The REAL Truth About Mozilla

[ music | Foo Fighters – Disenchanted Lullaby ]

Recently someone ran over to WordPress and started a blog about Mozilla stuff. Now, I might have linked to that blog a while ago, but the latest post (as of this date) is nothing more than a personal screed against Mitchell. I never met her personally, but I’ve hung around long enough to feel comfortable enough to say that I doubt she has any significant personal ambitions of wealth here. If she did she’d have left long ago. Have you read this woman’s bio?

But he (or she) did make a few good points, but never got down to the root problems. Mozilla is full of brilliant people. sure, there are some rotten apples, but find me a single organization without them. No one at the top got there by being stupid. However, I think one issue still plaguing Mozilla to this day is management. But there’s another old saying that comes into play here, never ascribe to malice that which can be explained by incompetence.

Mozilla was founded by some people who had less than stellar social skills to start with, and they came from Netscape. Netscape was the golden child for a long time. Then MS came along and abused their position and ground Netscape down to nothing more than a sticker on the wall. A lot of the spirit of NS survived though, and that’s mostly good. But one thing I think that came along that shouldn’t have, and has survived like a virus, is an idea that once a decision has been made, it’s the right one. Arrogance, that used to be called. It is a phenomenon I am somewhat acquainted with. Humility doesn’t always seem to be in sufficient supply at Lizard Central.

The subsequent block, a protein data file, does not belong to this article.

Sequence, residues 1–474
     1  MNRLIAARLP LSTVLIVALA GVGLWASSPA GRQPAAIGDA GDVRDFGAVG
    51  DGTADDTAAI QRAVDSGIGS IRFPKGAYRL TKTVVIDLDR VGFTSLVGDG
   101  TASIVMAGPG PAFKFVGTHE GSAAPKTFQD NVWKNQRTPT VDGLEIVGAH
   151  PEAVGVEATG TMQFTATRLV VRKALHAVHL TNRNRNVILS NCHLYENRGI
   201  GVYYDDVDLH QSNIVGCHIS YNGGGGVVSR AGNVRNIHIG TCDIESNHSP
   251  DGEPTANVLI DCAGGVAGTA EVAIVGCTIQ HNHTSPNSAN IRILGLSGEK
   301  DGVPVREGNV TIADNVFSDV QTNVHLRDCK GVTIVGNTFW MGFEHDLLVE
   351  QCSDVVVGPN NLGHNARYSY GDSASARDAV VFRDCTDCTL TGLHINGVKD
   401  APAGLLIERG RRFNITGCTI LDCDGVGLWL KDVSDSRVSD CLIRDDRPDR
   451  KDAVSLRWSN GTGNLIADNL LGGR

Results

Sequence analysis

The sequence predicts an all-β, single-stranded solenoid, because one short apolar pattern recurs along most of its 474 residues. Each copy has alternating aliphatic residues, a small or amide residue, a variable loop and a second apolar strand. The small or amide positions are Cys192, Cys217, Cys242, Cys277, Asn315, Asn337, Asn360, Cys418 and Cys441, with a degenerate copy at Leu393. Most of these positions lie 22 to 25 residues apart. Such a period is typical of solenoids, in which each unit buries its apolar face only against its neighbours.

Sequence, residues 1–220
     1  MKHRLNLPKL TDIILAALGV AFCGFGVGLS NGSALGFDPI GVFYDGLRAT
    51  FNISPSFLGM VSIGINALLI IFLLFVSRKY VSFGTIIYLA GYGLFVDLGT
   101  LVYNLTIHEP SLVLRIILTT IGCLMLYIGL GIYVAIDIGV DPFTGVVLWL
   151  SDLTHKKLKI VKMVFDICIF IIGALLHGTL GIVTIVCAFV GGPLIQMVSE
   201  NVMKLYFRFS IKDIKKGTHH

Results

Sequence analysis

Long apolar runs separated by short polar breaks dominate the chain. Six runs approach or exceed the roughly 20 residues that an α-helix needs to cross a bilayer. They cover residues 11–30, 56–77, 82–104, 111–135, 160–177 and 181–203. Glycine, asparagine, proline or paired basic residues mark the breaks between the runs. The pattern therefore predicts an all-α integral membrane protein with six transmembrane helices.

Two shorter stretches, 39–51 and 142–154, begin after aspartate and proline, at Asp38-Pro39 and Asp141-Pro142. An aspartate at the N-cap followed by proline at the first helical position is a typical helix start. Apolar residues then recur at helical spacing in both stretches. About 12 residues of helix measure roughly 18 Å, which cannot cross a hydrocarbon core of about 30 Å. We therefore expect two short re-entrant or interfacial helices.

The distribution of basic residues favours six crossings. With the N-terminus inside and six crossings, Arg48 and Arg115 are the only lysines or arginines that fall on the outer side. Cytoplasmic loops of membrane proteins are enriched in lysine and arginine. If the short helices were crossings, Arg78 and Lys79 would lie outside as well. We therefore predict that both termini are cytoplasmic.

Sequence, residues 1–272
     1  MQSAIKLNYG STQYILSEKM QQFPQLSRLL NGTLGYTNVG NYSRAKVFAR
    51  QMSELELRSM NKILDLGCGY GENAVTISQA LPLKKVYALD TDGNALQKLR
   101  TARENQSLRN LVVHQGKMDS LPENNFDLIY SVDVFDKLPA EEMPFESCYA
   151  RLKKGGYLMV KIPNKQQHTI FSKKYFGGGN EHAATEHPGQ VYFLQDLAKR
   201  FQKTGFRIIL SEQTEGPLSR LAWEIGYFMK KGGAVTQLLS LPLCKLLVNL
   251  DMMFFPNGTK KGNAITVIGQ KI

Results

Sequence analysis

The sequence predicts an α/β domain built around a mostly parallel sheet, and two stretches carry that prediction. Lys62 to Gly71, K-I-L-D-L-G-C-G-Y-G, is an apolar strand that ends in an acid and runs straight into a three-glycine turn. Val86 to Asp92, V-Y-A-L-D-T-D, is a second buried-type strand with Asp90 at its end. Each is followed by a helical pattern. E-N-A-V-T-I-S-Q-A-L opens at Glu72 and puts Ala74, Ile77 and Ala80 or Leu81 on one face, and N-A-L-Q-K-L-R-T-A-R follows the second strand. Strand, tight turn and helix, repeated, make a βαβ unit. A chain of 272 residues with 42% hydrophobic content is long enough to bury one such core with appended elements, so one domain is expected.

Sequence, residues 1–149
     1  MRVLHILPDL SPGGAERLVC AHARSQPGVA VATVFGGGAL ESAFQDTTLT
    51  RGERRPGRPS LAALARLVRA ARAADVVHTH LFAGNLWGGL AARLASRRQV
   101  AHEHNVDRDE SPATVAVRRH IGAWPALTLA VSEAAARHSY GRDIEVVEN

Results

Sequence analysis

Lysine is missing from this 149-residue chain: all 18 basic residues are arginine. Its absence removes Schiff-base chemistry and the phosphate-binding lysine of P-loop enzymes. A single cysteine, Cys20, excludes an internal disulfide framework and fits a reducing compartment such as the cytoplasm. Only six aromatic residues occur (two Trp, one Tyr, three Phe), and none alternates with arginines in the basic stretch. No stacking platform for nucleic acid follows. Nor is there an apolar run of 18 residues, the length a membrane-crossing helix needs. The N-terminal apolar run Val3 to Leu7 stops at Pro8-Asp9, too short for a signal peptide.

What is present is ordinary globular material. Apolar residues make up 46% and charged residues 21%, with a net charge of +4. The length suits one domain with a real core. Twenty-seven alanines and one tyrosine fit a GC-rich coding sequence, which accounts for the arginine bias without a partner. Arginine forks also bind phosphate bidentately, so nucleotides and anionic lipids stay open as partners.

Worse, this arrogance had a tendency to make Mozilla look aloof and smug to the community that supports it. The way Seamonkey was handled is a good example. Regardless of how the upper echelon actually felt, they came across as seeing Seamonkey as a bane, a ball and chain, an annoyance best shot and buried. I don’t actually think this is what they intended, but that’s how many people received the news. the Firebird name fiasco is an even clearer example. It wouldn’t have broken anyone’s back to say, “Hey, you know what, you’re right, we made a mistake, and while we can’t change it today, we assure you all that we’re working on the issue and it WILL be resolved within a few months.” The recent transition of Thunderbird was another example, although was handled a little better. But it was still handled poorly enough to give more fodder to trolls like Truthboy over at his WordPress blog.

However, I think there’s a glimmer of hope. They realized, were convinced, or planned all along and just really don’t know how to manage public relations, that Thunderbird is a very valuable property for both Mozilla and the world at large. A property with a lot of promise and potential if handled right. And they’re making some really good moves to help give that promise a chance to come true. I’m not sure this kind of thing would have happened 5 years ago. It shows that the success of Firefox, both in users, visibility, respect, and maybe even financially, has had a positive effect on the culture inside Mozilla.